Subject: Re: discrepency beteen /bin/echo and builtin echo of /bin/sh
To: <>
From: David Laight <>
List: tech-userlevel
Date: 06/13/2002 13:55:02
> You seem to be completely missing the point.  I'll try to explain more
> slowly, and not to assume that you've read all of the standard.
> With POSIX and SUS, the terms "option", "operand", and "argument" have
> specialised meanings.  An argument is one of the strings passed as part of
> argv to a utility.  Some of these arguments contain options, some of them
> contain option-arguments, at most one of them contains the end-of-options
> delimeter, and the rest are operands.  Note that this means that no argument
> can both contain options and be an operand.  See
> <> for
> more details.

ok, I was probably being loose with these terms....

> Now, the specification for "echo" explicitly states that it shall not
> recognise "--" as the end-of-options delimiter, but as an operand.
> Thus, in the command-line "echo -- foo", there are two operands, "--" and
> "foo".

Is there any sensible rational for this?
(apart from historical precedent and paranoia)

> The interesting question is how we analyse the command-lines "echo -n foo"
> and "echo -e foo".  Specifically, are "-n" and "-e" options or operands? 
> How about in "echo -e -n foo" and "echo -n -e foo"?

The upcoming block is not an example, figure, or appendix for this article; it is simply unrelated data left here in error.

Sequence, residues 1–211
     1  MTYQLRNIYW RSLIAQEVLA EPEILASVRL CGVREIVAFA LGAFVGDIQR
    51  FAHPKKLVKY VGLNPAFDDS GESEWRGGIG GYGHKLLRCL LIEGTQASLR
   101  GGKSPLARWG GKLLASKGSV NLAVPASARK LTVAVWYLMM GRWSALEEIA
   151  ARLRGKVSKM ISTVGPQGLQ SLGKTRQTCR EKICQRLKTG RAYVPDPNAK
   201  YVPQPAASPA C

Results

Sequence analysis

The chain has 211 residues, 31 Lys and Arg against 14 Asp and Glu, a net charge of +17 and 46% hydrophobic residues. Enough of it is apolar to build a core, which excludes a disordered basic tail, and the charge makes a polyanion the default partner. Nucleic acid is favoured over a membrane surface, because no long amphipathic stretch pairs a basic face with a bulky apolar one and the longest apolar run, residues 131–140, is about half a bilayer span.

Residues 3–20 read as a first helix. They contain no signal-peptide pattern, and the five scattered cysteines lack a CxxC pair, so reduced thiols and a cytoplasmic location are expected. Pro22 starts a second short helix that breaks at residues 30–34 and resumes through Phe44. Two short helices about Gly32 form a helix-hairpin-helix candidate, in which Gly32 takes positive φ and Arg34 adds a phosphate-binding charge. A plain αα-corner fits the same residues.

or "echo -en foo" or "echo -n -n foo"

(netbsd's ksh builtin echo is particularly broken here...)

I suspect it would actually be best to 'bite the bullet' and make
echo getopts(3) conformant supporting options n, e and E.
(where an implementation may default to -E or -e).
Unfortunately the SuS (and posix?) explicitely forbid this :-(

The reason I had 3 behaviours was that the (online) SuS disallowed
all options (or first arguments of -n), and I thought that the posix
spec disallowed options other than -n.
This meant (I thought) that the current netbsd (sh builtin) echo was neither
a XSI (SuS) echo, nor posix compliant.

Some versions of echo:
netbsd	/bin/echo	-n
netbsd	sh		-n or -e
netbsd	csh		-n
netbsd	ksh		[-neE]
solaris8 (all)		expands \x
UW2	/bin/echo	-n, expands \x
UW2	sh		-n, expands \x unless /usr/ucb before /usr/bin
			in $PATH.
UW2(ATT) ksh		not sure - I've only got the source, and I'm
			not sure what gets compiled, could do many things!
			could easily depend on whether $PATH hits
			/bin/echo before anything else....


David Laight: